Dobro felt that despite Microcovid’s limitations, people outside their pod would benefit from using it. As a doctor, she had noticed two extreme trends among her patients. Some had become agoraphobic. They were cleaning fastidiously and refusing to leave their houses even for necessities. Others were fed up with constraints and began taking too many risks. One of her patients, a man in his twenties, began coming in frequently for Covid tests. It turned out he had been bouncing between different groups of friends and jetting off on vacations, believing the tests a guarantee of safety. Dobro had started bringing up her own budgeting in these situations. She wanted to show him and anyone else how he could have some of the life he wanted while still being safe.

Olsson could see Dobro’s logic. Plenty of people still did not seem to understand how Covid-19 spread, and a tool like this might help them. She wasn’t thinking of the anti-maskers with beliefs diametrically opposed to her own—she couldn’t touch that situation. But she was thinking of the people still scrubbing their hands raw or living in fear of outdoor masked gatherings. Seeing how various activities compared, or how things like masks helped reduce the point totals, might help them find balance. Experts like Jimenez, who took a look at the tool, agreed. Communicating these beliefs was useful.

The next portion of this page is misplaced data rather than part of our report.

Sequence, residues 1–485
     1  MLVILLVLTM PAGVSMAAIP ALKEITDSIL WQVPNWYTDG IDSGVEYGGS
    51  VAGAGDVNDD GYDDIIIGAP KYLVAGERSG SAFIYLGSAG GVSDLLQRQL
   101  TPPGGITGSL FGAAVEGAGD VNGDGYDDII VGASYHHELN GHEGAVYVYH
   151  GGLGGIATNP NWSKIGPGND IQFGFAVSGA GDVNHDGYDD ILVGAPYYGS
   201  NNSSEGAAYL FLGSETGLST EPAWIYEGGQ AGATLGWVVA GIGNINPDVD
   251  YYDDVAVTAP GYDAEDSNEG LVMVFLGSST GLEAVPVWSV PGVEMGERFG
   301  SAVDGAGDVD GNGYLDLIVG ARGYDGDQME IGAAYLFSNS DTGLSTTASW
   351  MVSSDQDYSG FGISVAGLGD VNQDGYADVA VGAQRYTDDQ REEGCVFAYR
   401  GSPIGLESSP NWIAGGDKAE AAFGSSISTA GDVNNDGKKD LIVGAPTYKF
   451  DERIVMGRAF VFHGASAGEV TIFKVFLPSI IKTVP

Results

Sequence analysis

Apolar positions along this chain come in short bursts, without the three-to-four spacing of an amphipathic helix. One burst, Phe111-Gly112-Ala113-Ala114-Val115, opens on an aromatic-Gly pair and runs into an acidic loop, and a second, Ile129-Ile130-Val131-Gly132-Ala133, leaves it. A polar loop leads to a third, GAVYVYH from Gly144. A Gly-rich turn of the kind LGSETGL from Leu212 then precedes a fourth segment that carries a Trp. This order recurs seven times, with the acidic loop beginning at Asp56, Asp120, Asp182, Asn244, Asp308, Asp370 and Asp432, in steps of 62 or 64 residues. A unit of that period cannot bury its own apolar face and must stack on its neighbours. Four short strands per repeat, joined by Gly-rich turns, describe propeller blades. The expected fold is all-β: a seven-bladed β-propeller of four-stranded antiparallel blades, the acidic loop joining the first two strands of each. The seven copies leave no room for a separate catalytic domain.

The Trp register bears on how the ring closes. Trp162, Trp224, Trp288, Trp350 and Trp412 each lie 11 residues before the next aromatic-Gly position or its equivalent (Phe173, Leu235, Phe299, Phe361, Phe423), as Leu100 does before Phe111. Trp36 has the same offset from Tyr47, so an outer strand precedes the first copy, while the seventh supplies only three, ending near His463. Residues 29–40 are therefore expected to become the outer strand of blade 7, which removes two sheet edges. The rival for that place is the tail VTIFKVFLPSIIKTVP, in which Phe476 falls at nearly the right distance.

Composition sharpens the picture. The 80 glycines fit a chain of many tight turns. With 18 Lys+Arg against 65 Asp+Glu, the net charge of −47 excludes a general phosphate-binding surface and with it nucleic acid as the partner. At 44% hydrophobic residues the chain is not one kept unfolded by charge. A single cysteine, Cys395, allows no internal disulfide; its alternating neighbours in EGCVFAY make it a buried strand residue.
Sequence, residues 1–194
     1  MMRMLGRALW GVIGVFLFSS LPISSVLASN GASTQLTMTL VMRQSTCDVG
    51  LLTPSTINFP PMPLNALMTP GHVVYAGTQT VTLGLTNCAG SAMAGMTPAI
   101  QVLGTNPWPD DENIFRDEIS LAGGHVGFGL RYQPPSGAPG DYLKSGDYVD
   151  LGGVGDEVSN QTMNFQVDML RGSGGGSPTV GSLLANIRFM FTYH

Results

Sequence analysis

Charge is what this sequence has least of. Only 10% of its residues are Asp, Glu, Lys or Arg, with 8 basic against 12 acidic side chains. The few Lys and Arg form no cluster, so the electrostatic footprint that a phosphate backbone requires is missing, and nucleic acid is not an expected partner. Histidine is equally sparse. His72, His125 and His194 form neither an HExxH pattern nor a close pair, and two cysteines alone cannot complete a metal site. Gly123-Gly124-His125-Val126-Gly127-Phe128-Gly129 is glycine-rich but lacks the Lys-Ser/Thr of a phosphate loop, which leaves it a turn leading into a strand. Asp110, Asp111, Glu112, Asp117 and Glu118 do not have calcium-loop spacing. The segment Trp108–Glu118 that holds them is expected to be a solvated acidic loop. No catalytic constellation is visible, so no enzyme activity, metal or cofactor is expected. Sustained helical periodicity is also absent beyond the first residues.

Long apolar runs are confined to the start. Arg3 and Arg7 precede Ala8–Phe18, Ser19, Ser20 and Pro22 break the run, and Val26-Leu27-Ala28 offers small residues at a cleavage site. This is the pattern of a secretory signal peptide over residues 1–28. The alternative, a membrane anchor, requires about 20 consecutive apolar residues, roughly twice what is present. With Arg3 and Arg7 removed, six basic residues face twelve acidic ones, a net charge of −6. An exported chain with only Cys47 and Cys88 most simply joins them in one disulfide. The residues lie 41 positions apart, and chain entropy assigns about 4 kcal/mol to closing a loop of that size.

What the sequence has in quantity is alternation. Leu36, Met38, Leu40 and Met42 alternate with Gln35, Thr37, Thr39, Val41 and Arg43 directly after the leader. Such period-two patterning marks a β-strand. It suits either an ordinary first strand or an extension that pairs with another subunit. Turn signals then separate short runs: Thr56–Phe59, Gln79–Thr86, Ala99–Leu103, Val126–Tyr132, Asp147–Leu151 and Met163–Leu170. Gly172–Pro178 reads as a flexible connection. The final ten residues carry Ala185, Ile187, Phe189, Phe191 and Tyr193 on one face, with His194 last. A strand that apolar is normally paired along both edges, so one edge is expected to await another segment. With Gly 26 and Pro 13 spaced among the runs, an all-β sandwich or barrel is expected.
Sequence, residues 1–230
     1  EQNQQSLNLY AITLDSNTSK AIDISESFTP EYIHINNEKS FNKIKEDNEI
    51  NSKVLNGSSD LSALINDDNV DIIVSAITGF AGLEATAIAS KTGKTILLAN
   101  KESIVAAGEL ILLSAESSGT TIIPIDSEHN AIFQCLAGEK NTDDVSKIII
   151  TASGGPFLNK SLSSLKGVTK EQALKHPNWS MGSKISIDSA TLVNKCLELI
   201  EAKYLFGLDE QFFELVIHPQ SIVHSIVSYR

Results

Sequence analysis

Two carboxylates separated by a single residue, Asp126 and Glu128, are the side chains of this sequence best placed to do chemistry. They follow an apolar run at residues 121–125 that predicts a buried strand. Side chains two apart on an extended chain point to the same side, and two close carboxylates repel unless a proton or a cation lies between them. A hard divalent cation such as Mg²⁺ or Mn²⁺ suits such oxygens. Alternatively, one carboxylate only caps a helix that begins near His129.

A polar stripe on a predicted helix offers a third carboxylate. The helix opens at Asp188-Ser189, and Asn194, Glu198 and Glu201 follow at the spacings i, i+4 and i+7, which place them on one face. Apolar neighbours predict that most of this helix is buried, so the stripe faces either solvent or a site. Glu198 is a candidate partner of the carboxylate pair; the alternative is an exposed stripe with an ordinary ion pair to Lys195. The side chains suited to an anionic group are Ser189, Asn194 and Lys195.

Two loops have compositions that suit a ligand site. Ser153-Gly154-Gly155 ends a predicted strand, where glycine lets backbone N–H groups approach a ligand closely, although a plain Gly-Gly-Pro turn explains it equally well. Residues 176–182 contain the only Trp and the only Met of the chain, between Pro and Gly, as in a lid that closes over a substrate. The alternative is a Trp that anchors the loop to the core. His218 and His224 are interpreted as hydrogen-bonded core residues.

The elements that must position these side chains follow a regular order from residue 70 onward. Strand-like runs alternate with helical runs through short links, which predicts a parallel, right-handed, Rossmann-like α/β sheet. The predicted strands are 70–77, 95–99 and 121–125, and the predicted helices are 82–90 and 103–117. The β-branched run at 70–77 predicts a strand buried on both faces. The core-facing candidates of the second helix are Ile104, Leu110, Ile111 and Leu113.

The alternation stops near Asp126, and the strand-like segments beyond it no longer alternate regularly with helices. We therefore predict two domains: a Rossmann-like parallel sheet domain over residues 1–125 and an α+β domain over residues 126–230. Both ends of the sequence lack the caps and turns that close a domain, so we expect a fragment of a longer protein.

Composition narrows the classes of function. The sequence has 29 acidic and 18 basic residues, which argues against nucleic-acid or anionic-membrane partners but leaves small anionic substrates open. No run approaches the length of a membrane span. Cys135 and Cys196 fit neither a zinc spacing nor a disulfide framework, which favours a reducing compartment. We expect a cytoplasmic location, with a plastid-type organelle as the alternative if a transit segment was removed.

Still, Olsson hadn’t intended to step in as a public health authority. It was one thing to pass a spreadsheet around to like-minded friends. They knew how to approach the numbers, and they would happily do battle with her biases and assumptions. But risk communication wasn’t her expertise. There were abundant caveats. She believed in the numbers—or, at least, she believed in the things they had decided were important for their equations. But with more strangers using the tool, she couldn’t help but wonder if perhaps they had oversimplified. What if they had dismissed important routes of transmission, or included a spurious data point that threw everything out of whack?